Mr. Smith Goes to Washington. Mr. Freiman Comes to Flemington.

Freiman

If you’re a Democrat living in the Borough of Flemington, you might get a call from me today. I’m one of the Democratic County Committee people in this town and we want to invite you to something. This event: Politics on Tap: Meet Our New NJ State Assemblyman Roy Freiman – Thursday night in FlemingtonIncredibly, here in crimson Hunterdon, both our LD-16 Assembly members are Dems; Andrew Zwicker, elected 2015, now Roy Freiman elected in November. We’re having a meet-and-greet for all the Dems in our Borough to meet Roy.

Jimmy Stewart 

With Jimmy Stewart: I started calling through my list watching Mr. Smith Goes to Washington, because that’s how I roll. Did you know that the character of Senator Jefferson Smith (Stewart) was based on Sen. Rush Holt of West Virginia? Youngest person popularly elected to the Senate * and father of scientists-congressmen (my old boss) Rush Holt.

Filibustering: Here’s something else you might not know. In 2005 on the Princeton campus, came a famous student protest. Rush Holt was there, and recreated part of his father’s best-known moment in the Senate, the very filibuster Frank Capra saw and based the Jimmy Stewart character on.

In the U.S. Senate in 2005, Republican Sen. Bill Frist (Princeton ’74) was threatening to reduce the number of votes needed to stop a filibuster, if the Dems tried to use that tactic to block Pres. George Bush’s judicial nominees. To show support for the filibuster itself, and the right of Dems to use it, Princeton students staged their own mock filibuster. And they did that in front of the Frist Student Center on campus, named for Bill First, whose $25 million gift built the place. They called it Filibuster Frist.

Night time under the striped beach umbrella. Filibuster Frist 2005

Here’s why it became famous: It was perfect synchronicity; stage a mock filibuster (great visuals, incredible to watch), in front of the building named for the guy trying to kill the filibuster. Guaranteed news coverage. And it got it. CNN broadcast live from there. AP. Thom Hartmann. Newspapers.

The idea was just for a few hours – someone speaking continuously, taking turns, no break, students than anyone else who showed up, standing up just like they have to do in the Senate. But it got so much attention, they kept it going. First, overnight, then day after day, in Spring weather, including driving rain. the commitment to making sure the point was made was extraordinary. Remember, all these students also had class.

The tent: A core group of 12 organizers took turns in a 3 sided tent positioned 10 feet from a little table with a rainbow beach umbrella over it, because of rain. Inside that tent, students furiously worked the internet, scheduling filibuster participants and live-streaming it all from a laptop webcam. If you looked into the tent, you’d see just a little sea of Princeton students, heads down, every laptop bearing an Apple logo.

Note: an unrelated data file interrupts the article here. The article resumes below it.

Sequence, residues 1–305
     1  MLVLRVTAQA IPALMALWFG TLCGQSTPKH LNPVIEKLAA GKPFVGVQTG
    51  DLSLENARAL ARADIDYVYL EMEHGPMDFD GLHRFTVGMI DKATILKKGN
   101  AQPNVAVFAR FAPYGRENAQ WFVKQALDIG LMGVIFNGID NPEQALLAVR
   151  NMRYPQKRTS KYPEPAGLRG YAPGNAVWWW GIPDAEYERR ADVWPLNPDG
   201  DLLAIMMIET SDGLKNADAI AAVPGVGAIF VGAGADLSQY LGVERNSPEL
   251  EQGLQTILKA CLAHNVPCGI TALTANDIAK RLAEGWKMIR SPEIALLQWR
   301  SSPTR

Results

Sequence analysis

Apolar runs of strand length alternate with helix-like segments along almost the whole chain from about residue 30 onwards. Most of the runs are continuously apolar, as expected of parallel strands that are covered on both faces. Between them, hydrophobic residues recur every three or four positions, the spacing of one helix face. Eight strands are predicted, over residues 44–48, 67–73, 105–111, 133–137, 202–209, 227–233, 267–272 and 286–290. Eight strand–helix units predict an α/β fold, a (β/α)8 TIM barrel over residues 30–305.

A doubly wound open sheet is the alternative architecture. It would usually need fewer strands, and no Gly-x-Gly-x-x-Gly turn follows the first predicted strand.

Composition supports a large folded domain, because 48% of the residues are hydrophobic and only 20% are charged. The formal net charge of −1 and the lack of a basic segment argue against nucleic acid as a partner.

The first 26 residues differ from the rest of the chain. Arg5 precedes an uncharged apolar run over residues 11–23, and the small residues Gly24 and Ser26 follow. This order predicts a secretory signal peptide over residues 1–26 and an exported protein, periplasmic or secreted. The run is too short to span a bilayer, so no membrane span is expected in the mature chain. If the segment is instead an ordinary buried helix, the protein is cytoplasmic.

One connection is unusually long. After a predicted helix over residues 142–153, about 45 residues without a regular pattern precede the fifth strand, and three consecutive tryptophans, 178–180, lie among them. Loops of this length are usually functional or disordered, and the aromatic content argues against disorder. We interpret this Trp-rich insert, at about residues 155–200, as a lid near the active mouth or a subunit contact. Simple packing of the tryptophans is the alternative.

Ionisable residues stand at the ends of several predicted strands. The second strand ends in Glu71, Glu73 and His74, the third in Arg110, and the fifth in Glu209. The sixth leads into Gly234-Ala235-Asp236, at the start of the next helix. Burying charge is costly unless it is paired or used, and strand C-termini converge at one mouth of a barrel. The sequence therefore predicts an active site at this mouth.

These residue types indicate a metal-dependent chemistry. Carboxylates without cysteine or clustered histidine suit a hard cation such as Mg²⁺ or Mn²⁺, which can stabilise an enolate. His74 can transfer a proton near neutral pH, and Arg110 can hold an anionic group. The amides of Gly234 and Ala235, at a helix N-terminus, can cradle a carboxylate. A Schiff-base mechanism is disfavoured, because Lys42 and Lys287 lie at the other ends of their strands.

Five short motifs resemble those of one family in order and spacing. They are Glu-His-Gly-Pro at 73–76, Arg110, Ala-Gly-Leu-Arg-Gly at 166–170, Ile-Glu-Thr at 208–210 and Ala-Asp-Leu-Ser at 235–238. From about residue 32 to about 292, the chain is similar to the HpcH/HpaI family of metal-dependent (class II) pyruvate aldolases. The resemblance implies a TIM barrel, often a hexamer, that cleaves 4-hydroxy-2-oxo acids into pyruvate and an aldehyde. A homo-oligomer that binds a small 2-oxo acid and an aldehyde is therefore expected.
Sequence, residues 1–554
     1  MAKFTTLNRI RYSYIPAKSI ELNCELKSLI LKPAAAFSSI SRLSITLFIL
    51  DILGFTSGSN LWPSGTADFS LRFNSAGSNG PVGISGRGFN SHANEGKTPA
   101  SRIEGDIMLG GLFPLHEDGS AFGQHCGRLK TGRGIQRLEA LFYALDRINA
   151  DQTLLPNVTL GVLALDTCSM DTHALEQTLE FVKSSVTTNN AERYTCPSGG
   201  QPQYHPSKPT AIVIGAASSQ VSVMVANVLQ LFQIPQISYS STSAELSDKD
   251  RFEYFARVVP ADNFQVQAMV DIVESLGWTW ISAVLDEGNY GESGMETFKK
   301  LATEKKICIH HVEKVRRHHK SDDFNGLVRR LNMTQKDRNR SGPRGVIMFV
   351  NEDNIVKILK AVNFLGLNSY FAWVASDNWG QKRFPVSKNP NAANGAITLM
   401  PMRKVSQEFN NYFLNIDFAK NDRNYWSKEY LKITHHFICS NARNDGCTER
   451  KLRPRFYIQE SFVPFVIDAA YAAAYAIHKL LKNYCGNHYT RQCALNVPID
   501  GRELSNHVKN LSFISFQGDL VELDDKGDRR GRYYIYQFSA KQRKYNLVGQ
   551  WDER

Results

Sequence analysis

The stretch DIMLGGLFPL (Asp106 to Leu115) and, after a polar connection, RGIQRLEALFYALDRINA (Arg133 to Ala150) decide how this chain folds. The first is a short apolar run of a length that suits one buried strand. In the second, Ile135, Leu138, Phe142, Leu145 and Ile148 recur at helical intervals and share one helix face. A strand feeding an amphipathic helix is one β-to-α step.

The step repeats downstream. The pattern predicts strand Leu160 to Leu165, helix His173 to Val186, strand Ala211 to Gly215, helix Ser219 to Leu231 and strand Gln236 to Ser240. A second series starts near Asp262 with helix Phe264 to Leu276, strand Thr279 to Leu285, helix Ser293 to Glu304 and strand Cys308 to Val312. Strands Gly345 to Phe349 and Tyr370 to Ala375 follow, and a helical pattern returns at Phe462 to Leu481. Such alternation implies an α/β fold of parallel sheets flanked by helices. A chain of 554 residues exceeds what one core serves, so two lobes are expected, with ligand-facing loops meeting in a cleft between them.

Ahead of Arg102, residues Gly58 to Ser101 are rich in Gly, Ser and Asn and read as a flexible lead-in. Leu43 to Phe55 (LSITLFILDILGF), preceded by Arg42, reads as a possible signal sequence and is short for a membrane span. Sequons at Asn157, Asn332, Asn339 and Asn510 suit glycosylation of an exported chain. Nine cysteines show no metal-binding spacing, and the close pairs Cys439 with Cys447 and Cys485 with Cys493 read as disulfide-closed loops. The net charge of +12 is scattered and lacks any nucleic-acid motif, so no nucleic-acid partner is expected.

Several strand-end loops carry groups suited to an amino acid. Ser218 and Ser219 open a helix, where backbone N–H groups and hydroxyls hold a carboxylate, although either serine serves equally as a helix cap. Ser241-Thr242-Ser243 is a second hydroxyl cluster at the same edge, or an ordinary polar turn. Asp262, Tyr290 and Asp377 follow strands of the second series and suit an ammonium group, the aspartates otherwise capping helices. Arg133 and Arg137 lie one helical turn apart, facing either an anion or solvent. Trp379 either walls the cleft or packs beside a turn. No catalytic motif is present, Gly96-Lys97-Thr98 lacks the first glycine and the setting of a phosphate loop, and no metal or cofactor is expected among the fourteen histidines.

Non-stop talking: And under the beach umbrella, amateur filibusterers read from: the bios of Bush’s judicial nominees, the papers of Einstein (once a local), the Declaration of Independence, the Princeton University student phonebook, pi calculated into hundreds of digits. And some people just talked – about the paper they should be writing, their love life, their favorite socks. Anything. Minutes, hours, days, weeks, no stopping.

Rep. Rush Holt did time under the striped beach umbrella, too. He read from Aesop’s Fables, the same stories his father read in the U.S. Senate in 1936 in his own famous filibuster, the one that inspired Frank Capra to make Mr. Smith Goes to Washington.

The 24-hour webcam – the first time I’d ever seen that – went worldwide. When one of the organizers in the tent mentioned they were hungry, people all over the country watching started sending pizzas from local pizza joints in town. When some assholes started harassing them in the middle of the night, somebody watching at Harvard called administrators at Princeton to wake up and get security around them.

Mr. & Ms. Smith & Friends Go to Washington: After 2 weeks of this, how to end it? Inspired by Princeton, other filibusters were popping up on campuses across the country. They thought they should go to Washington. I helped a little, making sure Rush Holt knew this, and he – a big supporter – made  arrangements. And so it was that one day, with students still filibustering, a bus drove up to Frist Student Center, and still filibustering the entire drive down I-95, the students arrived outside the U.S. Capitol (covered by TIME Magazine), where inside on the House floor, Democratic House members – including Holt and Frank Pallone – gave speeches about the students outside still filibustering, how they put their lives on hold for more than two weeks to make a point. If you were watching C-SPAN, you saw it. Then, several members of Congress walked outside, and joined Filibuster Frist, the non-stop, 2-week, filibuster that by now hundreds of people had joined and thousands had watched. Mother Jones named it Protest of the Year.

Blue Jersey: And one of those 12 organizers who dreamed up Filibuster Frist, staffed that rainy 3-sided tent, and live-streamed it to the world? Juan Melli; founder of Blue Jersey. In the last photo, in the 3-sided tent on a rare sunny day, that’s Juan, leaning back talking to another student. 

 

* Or was he the youngest senator? This is the kind of thing asterisks were made for

Comment (1)

  1. Rosi Efthim (Post author)

    Just noticed that University of Michigan in Ann Arbor, one of the campuses inspired by Filibuster Frist even copied Princeton’s striped umbrella.
    Filibuster Frist student protest U of M in Ann Arbor

    Reply

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